The Medicare debate is historically an issue that both parties have steered away from. People over the age of 65 are eligible to receive Medical and have typically fought hard to keep it that way, and the options for changing Medicare don't poll very well.
The Affordable Care Act, the health care overhaul pushed by Obama, cuts $700 billion in Medicare spending through curtailed payments to medical providers. Republicans campaigning in 2010 and 2012 have used that provision to attack Obama.
Ryan himself has directly accused Democrats, even Obama, of trying to scare senior citizens who often rely on Medicare.
"Now, you're going to hear from Democrats to push grandma over the cliff, all that. They have not had a plan yet to save Social Security and Medicare, and they've had nearly four years to do it," Sen. John McCain said on "Fox News Sunday." "Paul Ryan has taken the courageous steps to bring this issue to the forefront. And we're going to have to address it."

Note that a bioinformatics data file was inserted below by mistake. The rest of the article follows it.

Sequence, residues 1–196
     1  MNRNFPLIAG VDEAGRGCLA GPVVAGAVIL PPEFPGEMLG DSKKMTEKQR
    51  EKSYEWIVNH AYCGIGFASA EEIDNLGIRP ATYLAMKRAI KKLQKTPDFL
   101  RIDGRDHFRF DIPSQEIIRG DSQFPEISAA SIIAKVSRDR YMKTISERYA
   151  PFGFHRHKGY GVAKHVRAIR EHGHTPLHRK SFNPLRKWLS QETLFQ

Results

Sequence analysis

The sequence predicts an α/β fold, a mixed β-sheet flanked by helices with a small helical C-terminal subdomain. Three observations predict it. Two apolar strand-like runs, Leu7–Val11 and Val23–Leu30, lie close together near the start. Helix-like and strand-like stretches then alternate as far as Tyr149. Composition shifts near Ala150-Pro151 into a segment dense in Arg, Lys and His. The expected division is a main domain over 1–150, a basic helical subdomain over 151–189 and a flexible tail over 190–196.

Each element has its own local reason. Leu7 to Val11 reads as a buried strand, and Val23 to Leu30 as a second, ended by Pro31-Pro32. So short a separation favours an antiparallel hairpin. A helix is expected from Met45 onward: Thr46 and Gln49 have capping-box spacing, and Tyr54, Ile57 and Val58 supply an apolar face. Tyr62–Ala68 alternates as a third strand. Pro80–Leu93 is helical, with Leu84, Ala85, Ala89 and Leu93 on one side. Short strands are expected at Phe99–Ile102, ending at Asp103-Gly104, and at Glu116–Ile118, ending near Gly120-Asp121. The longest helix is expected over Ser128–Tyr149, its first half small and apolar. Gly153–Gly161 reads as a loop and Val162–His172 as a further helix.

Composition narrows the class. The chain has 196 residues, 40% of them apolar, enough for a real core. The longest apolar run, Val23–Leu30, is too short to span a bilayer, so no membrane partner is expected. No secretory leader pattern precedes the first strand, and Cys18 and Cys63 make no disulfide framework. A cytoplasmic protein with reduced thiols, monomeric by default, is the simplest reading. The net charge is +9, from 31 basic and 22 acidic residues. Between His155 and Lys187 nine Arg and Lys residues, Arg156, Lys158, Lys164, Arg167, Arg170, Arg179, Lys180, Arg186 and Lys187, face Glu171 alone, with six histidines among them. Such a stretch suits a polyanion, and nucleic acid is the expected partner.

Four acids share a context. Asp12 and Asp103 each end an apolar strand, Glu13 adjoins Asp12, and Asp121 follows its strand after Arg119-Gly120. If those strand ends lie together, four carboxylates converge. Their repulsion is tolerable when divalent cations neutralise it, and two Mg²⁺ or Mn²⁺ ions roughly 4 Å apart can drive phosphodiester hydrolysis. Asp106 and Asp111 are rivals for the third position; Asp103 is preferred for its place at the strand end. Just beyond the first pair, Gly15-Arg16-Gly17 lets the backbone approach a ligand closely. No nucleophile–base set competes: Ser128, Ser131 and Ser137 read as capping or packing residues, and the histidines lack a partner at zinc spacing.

Wisconsin Gov. Scott Walker said Ryan's big ideas on how to rein in the budget will appeal to independent voters hungry for big ideas while at the same time rallying a base that has long been concerned about the deficit.
And he can help deliver Wisconsin, according to Walker.
"On one hand he has a tremendous way to inspire and pump up the base, you'll see that going into the convention," Walker said. "But at the same time -- and we've seen it for years here in Wisconsin -- he has tremendous appeal to swing voters and independent voters in states like Wisconsin that are battleground states because he's smart and he's bold, but he listens. And he relates well to voters all across the political spectrum."